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Sharing Guilt: How Better Access to Information May Backfire

Author

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  • Roman Inderst

    (Goethe University Frankfurt, D-60323 Frankfurt am Main, Germany)

  • Kiryl Khalmetski

    (University of Cologne, D-50923 Cologne, Germany)

  • Axel Ockenfels

    (University of Cologne, D-50923 Cologne, Germany)

Abstract

We study strategic communication between a customer and an advisor who is privately informed about the most suitable choice for the customer but whose preferences are misaligned with the customer’s preferences. The advisor sends a message to the customer who, in turn, can secure herself from bad advice by acquiring costly information on her own. In our experiments, we find that making the customer’s information acquisition less costly leads to less prosocial behavior of the advisor. This can be explained by a model of shared guilt, which predicts a shift in causal attribution of guilt from the advisor to the customer if the latter could have avoided her ex post disappointment. We conclude that providing better access to information through, for example, consumer protection regulation or digital information aggregation and dissemination, may have unintended negative consequences on peoples’ willingness to take responsibility for each other.

Suggested Citation

  • Roman Inderst & Kiryl Khalmetski & Axel Ockenfels, 2019. "Sharing Guilt: How Better Access to Information May Backfire," Management Science, INFORMS, vol. 65(7), pages 3322-3336, July.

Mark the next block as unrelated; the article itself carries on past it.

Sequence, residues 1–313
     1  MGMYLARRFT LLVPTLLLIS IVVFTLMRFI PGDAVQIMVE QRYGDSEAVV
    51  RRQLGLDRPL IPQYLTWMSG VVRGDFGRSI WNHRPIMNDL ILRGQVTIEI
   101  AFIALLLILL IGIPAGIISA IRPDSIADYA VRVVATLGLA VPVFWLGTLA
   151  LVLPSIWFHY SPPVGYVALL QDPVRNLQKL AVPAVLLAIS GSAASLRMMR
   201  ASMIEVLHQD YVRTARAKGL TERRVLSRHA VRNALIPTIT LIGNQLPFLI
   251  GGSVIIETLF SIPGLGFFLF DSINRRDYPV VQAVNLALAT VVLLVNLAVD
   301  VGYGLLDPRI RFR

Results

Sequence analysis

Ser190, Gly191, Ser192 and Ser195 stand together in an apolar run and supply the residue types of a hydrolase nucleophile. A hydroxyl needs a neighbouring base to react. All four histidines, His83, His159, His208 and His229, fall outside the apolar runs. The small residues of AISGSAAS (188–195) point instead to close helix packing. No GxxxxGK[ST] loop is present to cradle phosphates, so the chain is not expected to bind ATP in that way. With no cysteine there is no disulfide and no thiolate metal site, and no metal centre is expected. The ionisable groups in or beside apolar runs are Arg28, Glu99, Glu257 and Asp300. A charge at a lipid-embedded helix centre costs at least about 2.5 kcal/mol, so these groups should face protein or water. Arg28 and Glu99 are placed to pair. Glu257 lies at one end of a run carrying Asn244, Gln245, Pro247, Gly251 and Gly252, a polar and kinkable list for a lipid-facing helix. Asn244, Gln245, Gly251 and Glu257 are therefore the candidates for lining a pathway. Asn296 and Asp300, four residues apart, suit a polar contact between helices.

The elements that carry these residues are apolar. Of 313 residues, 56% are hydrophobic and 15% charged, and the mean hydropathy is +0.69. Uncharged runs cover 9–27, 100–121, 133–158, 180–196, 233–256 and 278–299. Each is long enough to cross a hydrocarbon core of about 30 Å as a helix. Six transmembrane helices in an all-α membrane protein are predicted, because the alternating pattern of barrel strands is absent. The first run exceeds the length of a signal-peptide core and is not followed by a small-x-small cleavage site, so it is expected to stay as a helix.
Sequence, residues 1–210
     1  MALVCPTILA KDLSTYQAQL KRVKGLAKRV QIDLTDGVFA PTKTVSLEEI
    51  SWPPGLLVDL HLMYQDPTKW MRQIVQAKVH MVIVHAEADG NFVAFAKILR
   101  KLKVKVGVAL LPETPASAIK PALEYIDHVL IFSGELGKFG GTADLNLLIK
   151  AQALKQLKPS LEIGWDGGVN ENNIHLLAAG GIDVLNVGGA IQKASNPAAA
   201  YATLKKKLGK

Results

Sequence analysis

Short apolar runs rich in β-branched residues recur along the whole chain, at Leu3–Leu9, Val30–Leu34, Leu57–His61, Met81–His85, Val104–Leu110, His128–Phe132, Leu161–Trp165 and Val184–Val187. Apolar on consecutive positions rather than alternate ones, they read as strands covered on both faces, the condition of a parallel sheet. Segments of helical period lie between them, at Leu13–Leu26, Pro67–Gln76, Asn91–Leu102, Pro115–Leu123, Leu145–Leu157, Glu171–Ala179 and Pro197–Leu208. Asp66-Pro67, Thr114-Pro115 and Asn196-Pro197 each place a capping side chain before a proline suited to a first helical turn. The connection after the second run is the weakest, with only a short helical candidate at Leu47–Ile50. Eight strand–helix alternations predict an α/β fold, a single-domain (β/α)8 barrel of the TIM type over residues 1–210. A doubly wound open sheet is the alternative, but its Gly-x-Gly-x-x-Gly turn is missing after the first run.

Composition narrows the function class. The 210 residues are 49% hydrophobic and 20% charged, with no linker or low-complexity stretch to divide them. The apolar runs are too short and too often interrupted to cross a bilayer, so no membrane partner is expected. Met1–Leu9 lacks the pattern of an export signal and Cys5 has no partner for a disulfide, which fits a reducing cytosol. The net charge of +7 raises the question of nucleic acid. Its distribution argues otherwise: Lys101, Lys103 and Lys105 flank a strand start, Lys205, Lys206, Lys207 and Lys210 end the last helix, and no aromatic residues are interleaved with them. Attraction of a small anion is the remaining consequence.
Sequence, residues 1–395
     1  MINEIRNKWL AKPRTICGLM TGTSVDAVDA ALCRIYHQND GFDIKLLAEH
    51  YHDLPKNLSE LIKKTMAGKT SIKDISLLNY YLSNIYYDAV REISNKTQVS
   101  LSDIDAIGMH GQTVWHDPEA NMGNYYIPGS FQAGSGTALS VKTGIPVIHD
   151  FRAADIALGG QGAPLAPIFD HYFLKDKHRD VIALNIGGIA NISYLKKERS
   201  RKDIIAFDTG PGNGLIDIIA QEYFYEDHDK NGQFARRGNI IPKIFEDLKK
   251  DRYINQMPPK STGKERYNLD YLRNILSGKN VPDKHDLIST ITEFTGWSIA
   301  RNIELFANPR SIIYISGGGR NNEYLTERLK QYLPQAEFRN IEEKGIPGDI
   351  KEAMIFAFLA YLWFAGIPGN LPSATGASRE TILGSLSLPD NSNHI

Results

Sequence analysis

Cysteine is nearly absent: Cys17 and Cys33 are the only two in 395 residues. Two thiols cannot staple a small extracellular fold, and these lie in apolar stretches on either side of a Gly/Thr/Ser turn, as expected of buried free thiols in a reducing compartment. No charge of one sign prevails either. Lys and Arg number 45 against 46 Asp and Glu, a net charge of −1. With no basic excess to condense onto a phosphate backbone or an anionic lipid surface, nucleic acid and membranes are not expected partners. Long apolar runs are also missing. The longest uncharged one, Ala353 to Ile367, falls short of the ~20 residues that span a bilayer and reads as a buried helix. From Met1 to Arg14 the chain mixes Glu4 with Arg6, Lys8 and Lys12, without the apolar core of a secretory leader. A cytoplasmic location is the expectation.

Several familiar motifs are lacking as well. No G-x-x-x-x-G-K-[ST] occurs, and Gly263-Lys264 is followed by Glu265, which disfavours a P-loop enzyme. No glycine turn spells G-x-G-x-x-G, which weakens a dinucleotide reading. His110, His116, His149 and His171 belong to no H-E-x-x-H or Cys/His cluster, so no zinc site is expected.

• Handle: RePEc:inm:ormnsc:v:65:y:2019:i:7:p:3322-3336
    DOI: 10.1287/mnsc.2018.3101
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    1. Bauer, Kevin & Gill, Andrej, 2021. "Mirror, mirror on the wall: Machine predictions and self-fulfilling prophecies," SAFE Working Paper Series 313, Leibniz Institute for Financial Research SAFE.
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    3. Sanjit Dhami & Mengxing Wei & Ali al-Nowaihi, 2021. "Classical and Belief-Based Gift Exchange Models: Theory and Evidence," CESifo Working Paper Series 8992, CESifo.

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    More about this item

    Keywords

    shared guilt; trust; guilt aversion; responsibility diffusion; advice;
    All these keywords.

    JEL classification:

    • C91 - Mathematical and Quantitative Methods - - Design of Experiments - - - Laboratory, Individual Behavior
    • D82 - Microeconomics - - Information, Knowledge, and Uncertainty - - - Asymmetric and Private Information; Mechanism Design
    • D83 - Microeconomics - - Information, Knowledge, and Uncertainty - - - Search; Learning; Information and Knowledge; Communication; Belief; Unawareness

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